Our CEO Gary Elden was recently honoured by the Queen with an Officer for the Most Excellent Order of the British Empire (OBE) in recognition of his services to ‘Diversity in Business’. We asked him why he is so passionate about inclusion and why he thinks there’s still a lot to be done.
Driving an unbiased way of thinking
“At SThree, we celebrate successes, awards and inclusion milestones and we’re all proud to be part of a company that is making a difference. But why is inclusion even a conversation? Inclusivity should be a given, yet we face both internal and external challenges daily that detract us.
“It’s not about ticking a box and there is no one size fits all approach, our business attitudes should reflect modern day society. Our workplace should mirror that of any street we walk down. It’s our unconscious bias we struggle with and ultimately, it holds us back. We need to take the passion we get from our success and the strength we take from achieving milestones whether that’s from the small wins to the significant goals to drive a renewed and unbiased way of thinking.”
Taking inclusion as a given
“In August and September, we’ve seen inclusion on a global scale at the Olympic and Paralympic Games in Rio. Competitors, individuals and teams show incredible strength, passion and dedication. Their vision to see the end game, the dream of a podium finish, fuels them. It’s this passion that allows them to succeed, irrelevant of any orientation, gender or race.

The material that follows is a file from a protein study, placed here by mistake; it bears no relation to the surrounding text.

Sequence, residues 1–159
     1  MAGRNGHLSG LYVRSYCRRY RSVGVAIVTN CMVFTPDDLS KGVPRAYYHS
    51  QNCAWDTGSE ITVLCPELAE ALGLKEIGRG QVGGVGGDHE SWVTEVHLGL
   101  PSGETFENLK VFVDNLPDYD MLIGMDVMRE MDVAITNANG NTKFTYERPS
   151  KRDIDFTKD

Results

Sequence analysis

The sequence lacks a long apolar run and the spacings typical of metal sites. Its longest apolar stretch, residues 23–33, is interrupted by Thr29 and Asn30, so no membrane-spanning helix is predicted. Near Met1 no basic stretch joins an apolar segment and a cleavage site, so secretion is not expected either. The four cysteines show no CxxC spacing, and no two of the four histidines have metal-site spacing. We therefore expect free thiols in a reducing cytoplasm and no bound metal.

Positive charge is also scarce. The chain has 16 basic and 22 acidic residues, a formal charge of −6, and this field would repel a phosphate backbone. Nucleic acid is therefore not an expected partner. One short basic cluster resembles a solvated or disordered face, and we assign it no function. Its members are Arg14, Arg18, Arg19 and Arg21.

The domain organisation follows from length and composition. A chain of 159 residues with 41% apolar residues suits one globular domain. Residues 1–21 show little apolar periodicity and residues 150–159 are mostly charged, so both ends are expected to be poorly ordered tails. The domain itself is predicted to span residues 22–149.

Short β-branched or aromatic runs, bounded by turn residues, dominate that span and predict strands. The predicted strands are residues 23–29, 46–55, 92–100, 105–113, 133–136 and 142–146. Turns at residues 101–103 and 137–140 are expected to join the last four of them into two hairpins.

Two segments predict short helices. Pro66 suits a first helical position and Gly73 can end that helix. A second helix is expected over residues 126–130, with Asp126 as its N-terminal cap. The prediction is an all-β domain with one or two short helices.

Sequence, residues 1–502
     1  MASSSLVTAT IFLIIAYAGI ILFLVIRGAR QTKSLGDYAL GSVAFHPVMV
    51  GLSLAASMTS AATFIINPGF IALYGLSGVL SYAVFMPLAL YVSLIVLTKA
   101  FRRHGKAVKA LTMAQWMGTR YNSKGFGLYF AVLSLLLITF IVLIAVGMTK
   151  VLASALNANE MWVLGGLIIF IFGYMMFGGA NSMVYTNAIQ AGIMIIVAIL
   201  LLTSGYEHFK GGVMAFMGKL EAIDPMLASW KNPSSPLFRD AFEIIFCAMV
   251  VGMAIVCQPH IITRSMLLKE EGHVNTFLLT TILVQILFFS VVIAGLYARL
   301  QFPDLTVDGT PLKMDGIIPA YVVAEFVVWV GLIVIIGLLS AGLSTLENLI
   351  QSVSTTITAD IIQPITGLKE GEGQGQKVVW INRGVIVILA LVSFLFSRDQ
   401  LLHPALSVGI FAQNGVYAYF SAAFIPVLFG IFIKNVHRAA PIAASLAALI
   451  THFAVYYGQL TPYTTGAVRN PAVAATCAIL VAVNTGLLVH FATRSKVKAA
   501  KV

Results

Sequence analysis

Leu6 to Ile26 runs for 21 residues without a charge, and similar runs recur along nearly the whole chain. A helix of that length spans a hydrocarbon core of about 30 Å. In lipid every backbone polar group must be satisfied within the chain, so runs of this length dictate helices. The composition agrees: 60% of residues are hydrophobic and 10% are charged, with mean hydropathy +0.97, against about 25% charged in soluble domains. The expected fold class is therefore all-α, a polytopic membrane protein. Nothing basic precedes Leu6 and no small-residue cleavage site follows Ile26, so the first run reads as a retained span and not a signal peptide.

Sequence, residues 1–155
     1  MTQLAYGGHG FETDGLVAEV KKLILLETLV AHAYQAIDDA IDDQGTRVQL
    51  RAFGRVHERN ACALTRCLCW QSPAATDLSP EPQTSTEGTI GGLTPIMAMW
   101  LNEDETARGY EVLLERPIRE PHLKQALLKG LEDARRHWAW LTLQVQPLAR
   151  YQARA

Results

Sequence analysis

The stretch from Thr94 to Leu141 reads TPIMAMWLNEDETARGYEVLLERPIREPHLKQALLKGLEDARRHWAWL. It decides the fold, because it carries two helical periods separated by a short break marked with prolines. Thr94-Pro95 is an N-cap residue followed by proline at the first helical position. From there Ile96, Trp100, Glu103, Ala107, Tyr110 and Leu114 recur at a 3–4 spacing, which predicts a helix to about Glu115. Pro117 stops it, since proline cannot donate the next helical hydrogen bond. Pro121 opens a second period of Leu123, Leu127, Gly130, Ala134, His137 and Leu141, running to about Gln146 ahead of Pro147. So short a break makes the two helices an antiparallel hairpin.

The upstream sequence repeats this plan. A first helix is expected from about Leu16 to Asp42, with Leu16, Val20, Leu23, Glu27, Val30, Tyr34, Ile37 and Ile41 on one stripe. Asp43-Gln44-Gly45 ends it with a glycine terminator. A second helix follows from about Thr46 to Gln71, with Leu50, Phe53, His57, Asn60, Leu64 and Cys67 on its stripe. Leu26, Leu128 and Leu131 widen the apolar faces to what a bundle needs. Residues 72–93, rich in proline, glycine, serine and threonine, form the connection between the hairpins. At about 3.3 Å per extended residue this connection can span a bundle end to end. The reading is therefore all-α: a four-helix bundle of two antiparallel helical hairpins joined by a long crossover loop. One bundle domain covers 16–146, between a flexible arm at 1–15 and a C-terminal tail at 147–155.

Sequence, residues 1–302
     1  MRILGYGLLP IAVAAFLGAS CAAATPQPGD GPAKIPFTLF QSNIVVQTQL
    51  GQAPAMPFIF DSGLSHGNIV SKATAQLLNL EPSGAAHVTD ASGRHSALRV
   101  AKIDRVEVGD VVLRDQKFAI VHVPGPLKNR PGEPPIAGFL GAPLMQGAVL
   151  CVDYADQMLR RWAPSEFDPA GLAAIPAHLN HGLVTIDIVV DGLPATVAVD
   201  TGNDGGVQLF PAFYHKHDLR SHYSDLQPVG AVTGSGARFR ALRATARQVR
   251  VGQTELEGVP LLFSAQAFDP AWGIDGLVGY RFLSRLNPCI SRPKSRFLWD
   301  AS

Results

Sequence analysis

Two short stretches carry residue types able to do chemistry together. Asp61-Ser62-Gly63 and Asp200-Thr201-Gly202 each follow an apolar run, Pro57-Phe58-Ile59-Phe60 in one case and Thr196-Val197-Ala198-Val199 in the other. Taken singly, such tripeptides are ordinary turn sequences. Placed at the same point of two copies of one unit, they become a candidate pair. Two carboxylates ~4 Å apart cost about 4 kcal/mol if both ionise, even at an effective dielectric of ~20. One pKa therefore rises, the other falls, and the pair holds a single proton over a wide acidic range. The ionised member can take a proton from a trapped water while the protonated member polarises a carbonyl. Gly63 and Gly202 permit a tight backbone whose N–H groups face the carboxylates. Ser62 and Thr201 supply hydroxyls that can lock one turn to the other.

“At Rio this year, women make up 45% of total competitors, more than any other year in the history of the Olympics. All teams are diverse as they are inclusive. It’s not a conversation, it’s not up for debate, no one is saying ‘check that box for inclusivity’, it’s a given. This is how it should be and I want my daughters to know they can achieve anything they are passionate about with no boundaries or limitations.
“Of course, there is always more to be done. The International Olympic Committee (IOC) are working on it. The task of addressing what so many other organisations are trying to do – attract more women into senior roles. In 2014, only 24 women were active IOC members out of 106, that’s around 22.6%. It’s a continued thread across a majority of companies, where females in senior leadership roles are still alarmingly low.
“At SThree, we set aspirational gender targets to focus our efforts and steer us in the right direction to increase the representation of females at all levels. From 2012, we have seen an increase of 8% in female representation in our Director and Partner roles. In our team management level roles, female representation has increased by 14%. It’s ongoing, but it’s not just a conversation, it’s our honest progress, and its action.”
Feeling part of an inclusive environment without discrimination
“We are better people when we are inclusive and respectful, both important values I want my daughters to see as a given in society and in the workplace. In a study by Harvard Business Review, researchers found that when a firm was led by a CEO with at least one daughter, it scored an average of 11.9% higher on CSR metrics and spent 13.4% more of its net income on CSR than the median**. My daughters are my inspiration and I want them to feel part of an inclusive environment without discrimination.
“At SThree, it’s part of our Identity. Set up in 2011, to support the development and progression of women, our Identity Programme has now evolved to embrace diversity in all its forms. It’s about bringing individual opinions and contributions to the team, irrelevant of gender, background or culture. We want our teams to bring their passion and experiences to the table. It allows us to support our customers better and gives us the ability to understand our business better. It’s what empowers us. It’s a true meritocracy, one that inspires my passion personally.”
If you want to join an organisation which is committed to creating an inclusive environment, browse our most recent jobs.